Managing capital flows and liquidity demand has been a central issue for emerging-market countries. In an era of global imbalances, rapid accumulation of foreign exchange reserves by surplus countries is also an issue for the international system. In a well-functioning international financial system there would be no advantage to holding large reserves so this raises the question of whether surplus countries have a deliberate strategy of building reserves and why they would do this. This paper examines the motives for foreign reserve accumulation and analyzes the effects of financial development and capital flows on reserve accumulation in East Asian economies. We present a model in which a state holds reserves to supply foreign exchange liquidity in underdeveloped financial markets. Using annual data for 12 Asian economies between 1980 and 2009, our empirical results confirm the precautionary motives and financial stability motives in the region. We also find that financial development attenuates central banks’ motivation to hoard reserves by reducing the impacts of capital flows on foreign reserve demand. The policy implications are that improving financial market development within developing countries will reduce the incentive to build surpluses and accumulate reserves, while improving the international financial system to reduce volatility would also help.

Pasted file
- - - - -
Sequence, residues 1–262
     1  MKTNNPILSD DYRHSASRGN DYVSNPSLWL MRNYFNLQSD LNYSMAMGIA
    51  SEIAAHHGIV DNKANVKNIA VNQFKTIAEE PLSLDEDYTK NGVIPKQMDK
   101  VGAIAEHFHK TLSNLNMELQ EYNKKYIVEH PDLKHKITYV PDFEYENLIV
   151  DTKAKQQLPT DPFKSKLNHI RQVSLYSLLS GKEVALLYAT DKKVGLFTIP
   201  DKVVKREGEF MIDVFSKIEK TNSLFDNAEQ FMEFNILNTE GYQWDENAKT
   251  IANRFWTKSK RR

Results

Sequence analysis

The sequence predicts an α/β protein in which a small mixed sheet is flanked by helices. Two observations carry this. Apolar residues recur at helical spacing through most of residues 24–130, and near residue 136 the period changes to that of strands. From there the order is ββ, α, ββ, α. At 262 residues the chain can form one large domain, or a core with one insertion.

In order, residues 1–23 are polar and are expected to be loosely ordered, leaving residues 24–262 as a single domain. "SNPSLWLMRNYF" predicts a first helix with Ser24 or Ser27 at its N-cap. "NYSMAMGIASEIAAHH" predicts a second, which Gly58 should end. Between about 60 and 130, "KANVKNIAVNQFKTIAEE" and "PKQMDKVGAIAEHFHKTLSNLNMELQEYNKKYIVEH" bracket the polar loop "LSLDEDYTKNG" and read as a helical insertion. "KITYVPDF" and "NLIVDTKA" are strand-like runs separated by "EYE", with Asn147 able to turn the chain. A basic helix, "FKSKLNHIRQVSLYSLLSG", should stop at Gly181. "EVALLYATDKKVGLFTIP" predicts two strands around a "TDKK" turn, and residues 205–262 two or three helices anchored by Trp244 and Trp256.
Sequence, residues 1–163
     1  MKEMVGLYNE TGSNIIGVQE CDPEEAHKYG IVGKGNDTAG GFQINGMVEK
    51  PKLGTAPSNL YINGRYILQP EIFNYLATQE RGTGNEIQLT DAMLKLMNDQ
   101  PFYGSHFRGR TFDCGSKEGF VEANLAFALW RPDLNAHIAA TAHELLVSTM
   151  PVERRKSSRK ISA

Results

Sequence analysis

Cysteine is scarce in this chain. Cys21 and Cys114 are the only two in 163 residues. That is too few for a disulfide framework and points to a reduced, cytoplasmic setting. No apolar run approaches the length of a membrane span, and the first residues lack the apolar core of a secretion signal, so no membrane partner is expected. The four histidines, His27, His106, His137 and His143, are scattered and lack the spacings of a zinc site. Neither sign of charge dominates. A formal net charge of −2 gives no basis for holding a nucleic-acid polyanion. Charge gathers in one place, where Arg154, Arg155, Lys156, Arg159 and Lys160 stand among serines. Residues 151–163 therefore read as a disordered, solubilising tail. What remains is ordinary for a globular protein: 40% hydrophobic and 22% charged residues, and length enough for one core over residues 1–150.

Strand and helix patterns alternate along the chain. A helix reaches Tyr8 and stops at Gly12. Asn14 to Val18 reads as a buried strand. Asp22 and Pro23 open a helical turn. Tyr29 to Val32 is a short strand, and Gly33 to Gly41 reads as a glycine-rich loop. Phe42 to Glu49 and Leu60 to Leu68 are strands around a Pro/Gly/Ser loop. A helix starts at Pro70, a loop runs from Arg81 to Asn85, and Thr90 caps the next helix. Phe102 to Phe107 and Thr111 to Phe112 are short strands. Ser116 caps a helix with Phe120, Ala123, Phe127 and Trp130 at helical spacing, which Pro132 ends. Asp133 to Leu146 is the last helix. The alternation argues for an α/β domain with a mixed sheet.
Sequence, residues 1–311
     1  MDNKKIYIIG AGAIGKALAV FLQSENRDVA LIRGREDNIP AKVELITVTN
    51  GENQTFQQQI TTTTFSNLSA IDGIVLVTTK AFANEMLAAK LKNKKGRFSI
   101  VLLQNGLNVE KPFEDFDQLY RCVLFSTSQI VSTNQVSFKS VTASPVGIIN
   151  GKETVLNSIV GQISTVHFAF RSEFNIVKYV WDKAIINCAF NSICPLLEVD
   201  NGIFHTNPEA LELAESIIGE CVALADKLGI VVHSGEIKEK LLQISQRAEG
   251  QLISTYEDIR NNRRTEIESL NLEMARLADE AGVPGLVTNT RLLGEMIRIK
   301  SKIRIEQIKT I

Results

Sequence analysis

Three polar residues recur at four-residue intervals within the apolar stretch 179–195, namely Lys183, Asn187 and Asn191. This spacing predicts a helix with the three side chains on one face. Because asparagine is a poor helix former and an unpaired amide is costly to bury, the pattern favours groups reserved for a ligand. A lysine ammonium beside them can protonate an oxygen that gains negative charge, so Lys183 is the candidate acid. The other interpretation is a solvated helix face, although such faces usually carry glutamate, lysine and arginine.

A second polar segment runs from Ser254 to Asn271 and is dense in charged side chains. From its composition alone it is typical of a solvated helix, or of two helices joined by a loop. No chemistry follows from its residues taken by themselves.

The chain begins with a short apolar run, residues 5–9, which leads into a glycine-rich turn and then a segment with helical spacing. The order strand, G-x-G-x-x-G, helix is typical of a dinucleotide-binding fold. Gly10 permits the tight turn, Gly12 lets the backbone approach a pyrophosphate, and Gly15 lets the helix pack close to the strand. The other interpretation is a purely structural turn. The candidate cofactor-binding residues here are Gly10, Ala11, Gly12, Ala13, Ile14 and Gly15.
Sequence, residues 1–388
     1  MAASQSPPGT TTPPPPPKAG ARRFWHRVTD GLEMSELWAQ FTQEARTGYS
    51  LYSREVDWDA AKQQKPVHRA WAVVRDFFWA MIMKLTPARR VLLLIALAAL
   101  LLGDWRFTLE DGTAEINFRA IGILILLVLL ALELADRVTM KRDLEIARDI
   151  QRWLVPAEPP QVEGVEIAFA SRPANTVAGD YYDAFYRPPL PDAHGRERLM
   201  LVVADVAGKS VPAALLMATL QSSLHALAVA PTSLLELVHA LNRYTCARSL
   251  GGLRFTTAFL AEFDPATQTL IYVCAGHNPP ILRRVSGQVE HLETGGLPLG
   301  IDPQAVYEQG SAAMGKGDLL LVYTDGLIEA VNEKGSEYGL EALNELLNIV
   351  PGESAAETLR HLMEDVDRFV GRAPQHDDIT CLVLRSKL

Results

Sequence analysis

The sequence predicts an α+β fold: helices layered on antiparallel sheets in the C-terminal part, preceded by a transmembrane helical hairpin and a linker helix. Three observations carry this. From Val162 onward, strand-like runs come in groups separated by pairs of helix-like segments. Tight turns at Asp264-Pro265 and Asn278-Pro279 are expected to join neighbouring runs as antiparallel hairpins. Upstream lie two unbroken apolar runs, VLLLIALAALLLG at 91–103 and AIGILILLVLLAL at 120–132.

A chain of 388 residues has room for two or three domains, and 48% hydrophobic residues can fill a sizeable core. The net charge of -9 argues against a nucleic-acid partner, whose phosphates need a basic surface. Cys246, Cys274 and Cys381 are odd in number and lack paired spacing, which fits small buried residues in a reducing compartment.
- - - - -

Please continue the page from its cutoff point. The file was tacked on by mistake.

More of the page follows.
|Title of host publication||Rebalancing Economies in Financially Integrating East Asia|
|Editors||Jenny Corbett and Ying Xu|
|Place of Publication||Abingdon and New York|
|Publisher||Routledge Taylor & Francis Group|
|Publication status||Published - 2015|